Tuesday, April 18, 2017

New Poetry by Gerald Bosacker










The Almost Horse

Nothing more stubborn or more a fool,
than the genuine Arkansas mule,
that hill folks consider a farming tool.

Why would some obstinate half wit
fit his dumb mule with bridle and bit
then hope to steer this hybrid misfit?

Yes, they can out-pull a normal horse,
yet what they do with all that force
is stubbornly pick their own way of course.

Making a stopped mule to get up and go,
perversely just holler out whoa,
then what makes them stop, I do not know.

Male donkeys functioned as the mules dad,
and compliant mares turn quite sad
seeing the strange offspring they then had.

Hybrids might help the corn grow so tall 
but cross-breeding did not help at all
farmers to put mules in a horse's stall!


- Gerald Bosacker 2017


Originally destined to become a crusading journalist or witty editorialist, Gerald Bosacker was forced by family responsibilities to abandon his part-time jobs and night school classes at the University of Minnesota, to work fulltime in the graphic arts salesman. There, his love of the well chosen word enabled him to become a successful graphic arts supply salesman who migrated upward, propelled by serendipity coupled with his tolerance and empathy for faulted people, to become senior vice president of sales for a large international printing chemical company.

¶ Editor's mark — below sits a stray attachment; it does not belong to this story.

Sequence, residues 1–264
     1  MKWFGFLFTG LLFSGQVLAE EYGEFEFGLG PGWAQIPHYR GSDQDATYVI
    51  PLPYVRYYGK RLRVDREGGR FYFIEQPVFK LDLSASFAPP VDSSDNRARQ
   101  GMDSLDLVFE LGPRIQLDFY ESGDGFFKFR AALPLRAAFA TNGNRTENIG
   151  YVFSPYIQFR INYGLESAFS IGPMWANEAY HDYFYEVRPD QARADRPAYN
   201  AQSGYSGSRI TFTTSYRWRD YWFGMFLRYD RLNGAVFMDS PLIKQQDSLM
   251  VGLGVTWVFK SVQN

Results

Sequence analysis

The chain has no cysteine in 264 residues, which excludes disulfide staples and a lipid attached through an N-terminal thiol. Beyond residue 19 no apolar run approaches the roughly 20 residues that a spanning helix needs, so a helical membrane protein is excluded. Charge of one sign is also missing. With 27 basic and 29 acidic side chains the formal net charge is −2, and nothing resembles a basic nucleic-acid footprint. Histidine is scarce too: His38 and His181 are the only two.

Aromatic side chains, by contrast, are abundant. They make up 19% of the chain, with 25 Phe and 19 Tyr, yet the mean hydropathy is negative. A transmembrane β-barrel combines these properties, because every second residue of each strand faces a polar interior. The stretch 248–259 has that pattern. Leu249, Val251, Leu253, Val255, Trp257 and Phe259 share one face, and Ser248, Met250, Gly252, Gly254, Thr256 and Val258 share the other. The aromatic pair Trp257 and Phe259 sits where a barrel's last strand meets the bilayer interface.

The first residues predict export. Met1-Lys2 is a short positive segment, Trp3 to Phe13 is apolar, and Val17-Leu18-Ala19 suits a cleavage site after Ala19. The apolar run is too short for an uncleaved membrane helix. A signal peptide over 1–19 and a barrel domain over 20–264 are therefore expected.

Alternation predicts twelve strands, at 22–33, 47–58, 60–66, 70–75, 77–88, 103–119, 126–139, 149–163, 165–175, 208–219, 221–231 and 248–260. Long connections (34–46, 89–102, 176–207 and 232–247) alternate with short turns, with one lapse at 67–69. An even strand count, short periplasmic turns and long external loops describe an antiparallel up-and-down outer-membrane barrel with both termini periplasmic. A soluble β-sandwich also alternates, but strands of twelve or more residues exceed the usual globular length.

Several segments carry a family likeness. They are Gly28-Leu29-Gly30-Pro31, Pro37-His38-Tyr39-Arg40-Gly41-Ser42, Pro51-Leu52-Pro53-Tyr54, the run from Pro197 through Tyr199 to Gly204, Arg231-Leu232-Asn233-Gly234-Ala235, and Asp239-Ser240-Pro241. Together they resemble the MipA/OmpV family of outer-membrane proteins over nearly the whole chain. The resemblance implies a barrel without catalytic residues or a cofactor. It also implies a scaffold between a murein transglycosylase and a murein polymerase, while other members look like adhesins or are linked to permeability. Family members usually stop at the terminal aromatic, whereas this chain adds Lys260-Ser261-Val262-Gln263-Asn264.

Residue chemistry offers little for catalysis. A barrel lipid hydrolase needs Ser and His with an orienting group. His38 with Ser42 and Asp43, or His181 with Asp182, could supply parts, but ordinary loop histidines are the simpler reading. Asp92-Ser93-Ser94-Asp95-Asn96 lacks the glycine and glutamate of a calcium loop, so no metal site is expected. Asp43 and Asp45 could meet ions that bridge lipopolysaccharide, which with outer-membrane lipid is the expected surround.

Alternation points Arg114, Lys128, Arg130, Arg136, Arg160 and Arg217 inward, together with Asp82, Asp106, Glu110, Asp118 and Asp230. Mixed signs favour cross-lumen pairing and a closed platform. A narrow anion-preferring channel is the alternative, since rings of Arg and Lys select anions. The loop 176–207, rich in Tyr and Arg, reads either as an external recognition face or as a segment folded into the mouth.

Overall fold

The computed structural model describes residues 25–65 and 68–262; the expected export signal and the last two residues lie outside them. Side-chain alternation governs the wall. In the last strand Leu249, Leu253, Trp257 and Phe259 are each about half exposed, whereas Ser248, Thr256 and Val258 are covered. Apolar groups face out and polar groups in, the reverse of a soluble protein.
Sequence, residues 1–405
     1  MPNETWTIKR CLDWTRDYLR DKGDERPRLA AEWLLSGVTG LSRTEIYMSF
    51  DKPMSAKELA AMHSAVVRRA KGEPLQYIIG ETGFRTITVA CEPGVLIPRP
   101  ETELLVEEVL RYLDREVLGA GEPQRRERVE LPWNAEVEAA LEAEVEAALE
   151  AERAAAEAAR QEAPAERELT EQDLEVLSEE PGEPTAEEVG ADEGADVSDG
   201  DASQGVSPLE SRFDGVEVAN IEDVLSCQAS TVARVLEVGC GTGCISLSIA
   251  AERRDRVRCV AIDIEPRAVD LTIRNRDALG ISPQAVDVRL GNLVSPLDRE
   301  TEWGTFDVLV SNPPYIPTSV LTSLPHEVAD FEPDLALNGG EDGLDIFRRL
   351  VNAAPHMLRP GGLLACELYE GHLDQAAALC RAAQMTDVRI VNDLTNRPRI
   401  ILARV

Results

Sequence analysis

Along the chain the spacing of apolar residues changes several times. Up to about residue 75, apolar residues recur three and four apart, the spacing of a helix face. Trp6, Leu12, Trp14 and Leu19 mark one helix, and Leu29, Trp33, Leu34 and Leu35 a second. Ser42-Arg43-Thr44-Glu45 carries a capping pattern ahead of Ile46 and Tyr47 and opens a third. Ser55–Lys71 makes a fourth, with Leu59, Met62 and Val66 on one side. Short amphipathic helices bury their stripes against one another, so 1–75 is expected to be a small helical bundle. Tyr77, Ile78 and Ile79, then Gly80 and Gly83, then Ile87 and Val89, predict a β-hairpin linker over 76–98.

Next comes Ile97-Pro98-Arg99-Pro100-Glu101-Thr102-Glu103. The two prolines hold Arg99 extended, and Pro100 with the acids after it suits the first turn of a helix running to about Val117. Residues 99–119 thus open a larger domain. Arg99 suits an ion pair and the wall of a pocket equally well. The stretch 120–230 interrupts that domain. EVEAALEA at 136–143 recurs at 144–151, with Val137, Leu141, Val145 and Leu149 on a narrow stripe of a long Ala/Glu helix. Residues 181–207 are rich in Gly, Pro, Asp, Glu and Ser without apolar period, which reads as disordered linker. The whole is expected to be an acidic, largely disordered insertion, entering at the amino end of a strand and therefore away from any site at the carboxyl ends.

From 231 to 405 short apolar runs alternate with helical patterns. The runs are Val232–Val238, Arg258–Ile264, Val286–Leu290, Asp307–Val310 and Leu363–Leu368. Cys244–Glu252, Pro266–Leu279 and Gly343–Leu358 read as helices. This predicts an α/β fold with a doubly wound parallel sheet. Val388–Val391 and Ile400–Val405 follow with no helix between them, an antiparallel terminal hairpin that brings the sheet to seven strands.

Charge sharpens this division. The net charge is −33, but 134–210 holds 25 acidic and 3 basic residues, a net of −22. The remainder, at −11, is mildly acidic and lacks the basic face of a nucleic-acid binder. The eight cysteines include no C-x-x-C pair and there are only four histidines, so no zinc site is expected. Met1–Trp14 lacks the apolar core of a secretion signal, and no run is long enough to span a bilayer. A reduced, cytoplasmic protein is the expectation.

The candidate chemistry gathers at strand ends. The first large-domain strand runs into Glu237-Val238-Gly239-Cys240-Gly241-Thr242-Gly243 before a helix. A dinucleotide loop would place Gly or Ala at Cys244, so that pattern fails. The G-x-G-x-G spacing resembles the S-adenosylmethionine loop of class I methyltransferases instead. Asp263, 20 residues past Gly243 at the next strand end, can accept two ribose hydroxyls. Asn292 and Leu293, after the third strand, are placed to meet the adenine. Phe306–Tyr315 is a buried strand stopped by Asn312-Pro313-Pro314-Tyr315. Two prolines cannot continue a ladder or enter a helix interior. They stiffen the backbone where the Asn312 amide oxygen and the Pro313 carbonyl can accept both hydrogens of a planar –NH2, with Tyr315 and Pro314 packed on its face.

Promoted much beyond his ambition and capability, he jumped at early retirement at his first opportunity. Gerald Bosacker now lives in Montanas, awaiting discovery of his social commentary skills. He has resumed his first love, weaving words into prize-winning poetry and surprising short tales that borrow heavily from the fascinating people he met in his world-wide travels.

Monday, April 17, 2017

New Poetry by Abigail George










Must travel

(for my sister)

The day has
a moth like quality to it. I make a cup of tea (always for one). 
Boil the
water in the
microwave oven while

old poems
make way for new poems. Once, I lived in grassroots country. Rural
countryside.
Mbabane, Swaziland.

(Boarding school). Slowly
my flesh is emptying out. Winter making way for spring’s milky sweetness,
summer’s pleasure and
waves of heat, autumn’s gift.

Slowly, I climb back
into their world. Standing in the sun sipping my cup of tea for one.
I sit and watch the
afternoon warming the page in front of me.


- Abigail George 2017